Senior HTF Member
- Jul 3, 1997
- Real Name
- Ronald Epstein
What can I say? I love 3D! From the moment I began watching 3D content in my home I quickly discovered that I needed more content. I suspect that those of you just purchasing your first 3D hardware will acquire the same ferocious appetite. That's why I became the HTF 3D ADDICT. I personally love images that pop off the screen and come inches away from your face without becoming overly gimmicky. However, I certainly appreciate the nature documentaries that offer beautiful depth and separation. These are not necessarily reviews of the film themselves. I am not going to concentrate on story or supplements -- you can find the 2D reviews elsewhere on this forum. My job is to let you know exactly what kind of 3D experience to expect from the titles that are being released. As I will be receiving a handful of new product from the studios expect to see more title coverage.
Product Release: November 24, 2015
Ratio: 2.40:1 (B&W)
Audio: Mono with optional 5.1 surround during 3D segments
Running Time: 83 minutes
Rating: Not Rated
On A Scale 0-5
Overall 3D Presentation Rating: 3.5
3D Separation: 3
3D In Yo' Face Factor: 3.5
"Put The Mask On NOW!"
By the early 1960s, the Golden Age of 3D had long passed. Theatergoers were more interested in seeing films in spectacular widescreen Cinemascope, or at home, being entertained in front of the tube watching Andy Griffith and The Twilight Zone.
At a time when stereoscopic films seemed to have disappeared entirely from the mainstream, leave it to Canadian filmmaker Julian Roffman to attempt to somewhat revive the format with his psychological thriller, The Mask. Perhaps its biggest claim to fame is that it became Canada's first official horror film, and the country's first title to be released by a major U.S. Studio (Warner Bros.). The film centers around Psychiatrist Allan Barnes (Paul Stevens) who is dealing with a troubled patient named Michael Radin (Martin Lavut) who claims he is being possessed by the powers from within an Indian ritual mask, a rather frightening object in which he obtained while working at the Museum of Ancient History. At first, Dr. Barnes doesn't believe the legends surrounding the ancient artifact -- that is until the mask is passed on to him and he becomes compelled to wear it.
Lensed mostly flat, the objective of The Mask is for the audience to have "masks" of their own (3D glasses) that they are beckoned to put on at certain points of the film when Dr. Barnes is compelled to wear his. At this point, the audience experiences the same hallucinations that Dr. Barnes experiences. They enter a place where no-one has ventured before.....where suppressed thoughts and ideas from the one who wears the mask are brought to life.
It is these 3D segments that present the audience with surrealistic imagery of skulls, fire, snakes, ancient rituals, death masks and alter sacrifices. It's the kind of thing you would expect from a bad acid trip, which for its time, the visuals must have been quite disturbing to audiences. All of it was brainstormed from effects man Herman Townsley, Cinematographer Herbert Alpert and visual effects artist James Gordon.
How does The Mask hold up today? That depends. The film has obviously become a cult-favorite over the years. Re-released theatrically in 1967 and 1971, the film has gone through several edits. Some of the footage you are watching in this new Blu-ray release has not been seen in over 50 years (including the original introductory prologue with Jim Moran). It's definitely a curiosity watch -- but beyond that, for most, I think it will have limited appeal. For those of us that crave classic 3D fare, I don't feel that The Mask lives up to the spectacle of the golden age classics that came before it.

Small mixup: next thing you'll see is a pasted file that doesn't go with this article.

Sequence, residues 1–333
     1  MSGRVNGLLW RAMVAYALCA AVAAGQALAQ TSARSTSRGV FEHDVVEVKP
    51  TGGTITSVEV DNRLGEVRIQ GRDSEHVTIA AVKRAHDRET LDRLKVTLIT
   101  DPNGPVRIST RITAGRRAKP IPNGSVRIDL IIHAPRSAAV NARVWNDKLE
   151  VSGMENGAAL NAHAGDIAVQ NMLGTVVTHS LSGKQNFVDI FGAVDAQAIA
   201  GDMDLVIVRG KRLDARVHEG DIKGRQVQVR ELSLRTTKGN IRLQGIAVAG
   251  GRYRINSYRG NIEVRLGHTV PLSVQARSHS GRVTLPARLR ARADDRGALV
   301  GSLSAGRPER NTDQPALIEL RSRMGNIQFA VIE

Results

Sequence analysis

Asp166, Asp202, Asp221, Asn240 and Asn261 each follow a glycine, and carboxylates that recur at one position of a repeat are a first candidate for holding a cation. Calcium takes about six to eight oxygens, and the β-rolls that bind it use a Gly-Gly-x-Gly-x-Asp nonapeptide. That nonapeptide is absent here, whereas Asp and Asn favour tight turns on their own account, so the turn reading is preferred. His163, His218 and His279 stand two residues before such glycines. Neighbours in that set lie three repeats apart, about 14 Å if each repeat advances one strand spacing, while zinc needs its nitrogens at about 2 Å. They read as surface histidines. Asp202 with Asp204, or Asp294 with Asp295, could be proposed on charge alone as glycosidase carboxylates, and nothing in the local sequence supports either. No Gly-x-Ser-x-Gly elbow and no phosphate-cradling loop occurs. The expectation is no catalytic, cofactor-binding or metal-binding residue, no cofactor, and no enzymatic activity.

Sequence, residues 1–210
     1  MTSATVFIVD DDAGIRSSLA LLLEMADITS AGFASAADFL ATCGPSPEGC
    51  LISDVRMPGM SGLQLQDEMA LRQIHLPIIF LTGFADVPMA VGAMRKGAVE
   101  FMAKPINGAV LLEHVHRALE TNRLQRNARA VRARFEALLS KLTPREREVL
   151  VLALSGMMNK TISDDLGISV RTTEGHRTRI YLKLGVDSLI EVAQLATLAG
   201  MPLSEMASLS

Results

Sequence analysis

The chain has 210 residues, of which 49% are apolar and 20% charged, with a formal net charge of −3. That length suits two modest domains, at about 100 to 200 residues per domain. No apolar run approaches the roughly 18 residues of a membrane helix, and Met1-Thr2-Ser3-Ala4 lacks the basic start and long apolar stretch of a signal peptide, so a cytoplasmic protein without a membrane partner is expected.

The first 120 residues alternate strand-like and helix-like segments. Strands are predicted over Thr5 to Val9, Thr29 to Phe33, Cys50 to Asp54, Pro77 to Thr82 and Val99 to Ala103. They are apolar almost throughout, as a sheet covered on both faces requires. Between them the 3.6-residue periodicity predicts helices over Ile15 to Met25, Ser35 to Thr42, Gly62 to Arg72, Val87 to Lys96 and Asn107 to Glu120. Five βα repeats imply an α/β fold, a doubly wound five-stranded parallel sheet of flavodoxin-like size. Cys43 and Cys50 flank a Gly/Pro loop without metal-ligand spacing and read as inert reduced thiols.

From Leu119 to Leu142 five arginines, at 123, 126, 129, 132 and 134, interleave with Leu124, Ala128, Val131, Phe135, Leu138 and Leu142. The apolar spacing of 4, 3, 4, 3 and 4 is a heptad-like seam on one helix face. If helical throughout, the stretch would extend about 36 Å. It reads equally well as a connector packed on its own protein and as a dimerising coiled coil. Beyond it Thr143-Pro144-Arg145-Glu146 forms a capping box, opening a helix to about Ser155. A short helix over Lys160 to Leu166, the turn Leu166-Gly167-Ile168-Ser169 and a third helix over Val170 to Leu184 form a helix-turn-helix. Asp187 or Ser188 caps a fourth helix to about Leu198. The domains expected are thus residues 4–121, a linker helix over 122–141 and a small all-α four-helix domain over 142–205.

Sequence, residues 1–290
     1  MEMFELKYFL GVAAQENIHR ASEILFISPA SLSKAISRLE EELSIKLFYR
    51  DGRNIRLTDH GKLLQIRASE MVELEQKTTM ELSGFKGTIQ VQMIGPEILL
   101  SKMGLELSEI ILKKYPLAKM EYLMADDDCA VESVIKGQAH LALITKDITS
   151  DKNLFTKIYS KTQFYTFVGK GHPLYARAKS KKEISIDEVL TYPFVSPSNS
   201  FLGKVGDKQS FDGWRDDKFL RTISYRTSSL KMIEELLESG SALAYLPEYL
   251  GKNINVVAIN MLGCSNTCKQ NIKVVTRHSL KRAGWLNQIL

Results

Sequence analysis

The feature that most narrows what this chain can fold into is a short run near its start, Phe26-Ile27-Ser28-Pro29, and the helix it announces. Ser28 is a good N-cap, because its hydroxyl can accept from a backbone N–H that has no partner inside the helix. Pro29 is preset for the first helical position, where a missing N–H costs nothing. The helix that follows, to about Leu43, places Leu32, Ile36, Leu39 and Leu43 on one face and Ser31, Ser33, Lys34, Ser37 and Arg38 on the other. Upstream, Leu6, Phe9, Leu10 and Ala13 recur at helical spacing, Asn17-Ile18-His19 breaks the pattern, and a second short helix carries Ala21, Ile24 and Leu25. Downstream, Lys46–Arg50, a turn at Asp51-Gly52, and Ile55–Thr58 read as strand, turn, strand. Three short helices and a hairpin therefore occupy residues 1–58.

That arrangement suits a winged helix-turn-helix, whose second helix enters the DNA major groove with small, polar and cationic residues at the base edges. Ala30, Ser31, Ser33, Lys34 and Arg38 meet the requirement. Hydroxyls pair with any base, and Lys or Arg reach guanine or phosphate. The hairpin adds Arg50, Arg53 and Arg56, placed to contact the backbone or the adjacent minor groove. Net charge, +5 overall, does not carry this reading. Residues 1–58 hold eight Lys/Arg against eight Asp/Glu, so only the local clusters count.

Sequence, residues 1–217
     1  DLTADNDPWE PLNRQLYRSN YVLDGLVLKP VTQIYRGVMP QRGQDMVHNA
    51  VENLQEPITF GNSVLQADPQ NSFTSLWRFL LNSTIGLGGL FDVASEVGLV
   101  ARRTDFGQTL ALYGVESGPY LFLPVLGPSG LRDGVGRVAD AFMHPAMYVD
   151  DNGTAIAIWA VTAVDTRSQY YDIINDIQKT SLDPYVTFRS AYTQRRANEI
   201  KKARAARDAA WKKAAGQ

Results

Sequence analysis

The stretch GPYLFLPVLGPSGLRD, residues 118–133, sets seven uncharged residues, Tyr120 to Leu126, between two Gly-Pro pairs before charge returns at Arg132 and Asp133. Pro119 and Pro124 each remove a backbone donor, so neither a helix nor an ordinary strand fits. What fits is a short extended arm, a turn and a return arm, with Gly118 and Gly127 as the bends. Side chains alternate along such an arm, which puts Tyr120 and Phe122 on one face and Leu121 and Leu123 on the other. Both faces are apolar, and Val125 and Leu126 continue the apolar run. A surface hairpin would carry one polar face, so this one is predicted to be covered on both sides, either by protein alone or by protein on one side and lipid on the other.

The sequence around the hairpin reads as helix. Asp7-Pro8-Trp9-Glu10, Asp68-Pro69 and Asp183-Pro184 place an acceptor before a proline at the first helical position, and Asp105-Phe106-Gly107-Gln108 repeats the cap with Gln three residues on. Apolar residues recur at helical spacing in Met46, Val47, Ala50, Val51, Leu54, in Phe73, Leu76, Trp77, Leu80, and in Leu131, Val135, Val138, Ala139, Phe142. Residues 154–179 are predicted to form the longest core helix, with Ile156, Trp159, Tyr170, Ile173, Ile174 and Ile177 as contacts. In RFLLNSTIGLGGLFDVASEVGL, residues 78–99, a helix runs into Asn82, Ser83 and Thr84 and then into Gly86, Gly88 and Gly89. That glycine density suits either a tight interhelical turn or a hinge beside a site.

Firstly, The Mask is not a complete 3D feature. Out of the film's 83 minute running time, only approximately 14.5 minutes is presented in that format. I found the 3D to be marginally exceptional. While the filmmakers used carefully placed objects such as tree and webs to give the sense of separation, I found the overall depth between foreground and background to be limited at times. I didn't get that pronounced level of "view-master" depth that many of the films from the golden era (and even today) are known for. The film certainly exploits the use of gimmickry by throwing a lot of things (such as flaming arrows, fireballs, snakes and skulls) towards the audience, but most of it falls flat within the confines of the screen. However, there are a few brief shots of imagery that do manage to float forward, one of which is of armless hands that appear to come inches before the viewer's face. Newly restored Electro-Magic sound in 5.1 audio, certainly enhances the creepiness of the 3D sequences with various screams, musical tones and effects emanating across the entire sound field.
I did find some minor ghosting throughout the 3D segments, greatly enhanced with any object projected forward -- which is certainly a natural occurrence for the format in general.
I had the opportunity to speak with 3-D Film Archive restorationist Bob Furmanek about the restoration efforts of The Mask.
Like many independently produced films, THE MASK has not been well cared for over the years. After producer/director Julian Roffman sold the rights to 3D Video Corporation in July 1982, the film changed hands a dozen times. Each subsequent owner cared less about the property as a motion picture and owned it strictly as an asset. At one point, the rights were held by a company whose primary business was the placement of advertising in airport terminals!
We acquired the rights in 2008 and put it on our growing list of 3-D elements for future restoration. In November 2014, we learned that TIFF in Canada had an interest in preserving the film. We approached Jesse Wente, Director of Film Programmes at TIFF Bell Lightbox, and worked out an arrangement to collaborate on the project. TIFF's primary 35mm print (with faded Eastman printed anaglyphic 3-D footage) was in poor condition and the initial 1440x1080p scans from Technicolor Digital in Toronto were not usable.
Sadly, the 35mm camera negatives and magnetic audio tracks are long gone. However, the 3-D Film Archive has a nearly complete and pristine 35mm master fine grain which is missing one reel of 2-D material. In addition, we have discrete left/right 35mm footage and an optical track master on the 3-D segments.
Geo. Willeman and Mike Mashon at the Library of Congress were extremely helpful and allowed access to their 1961 copyright deposit print (with the 3-D segments printed in dye-transfer Technicolor) and that helped us to repair problematic spots on our master elements.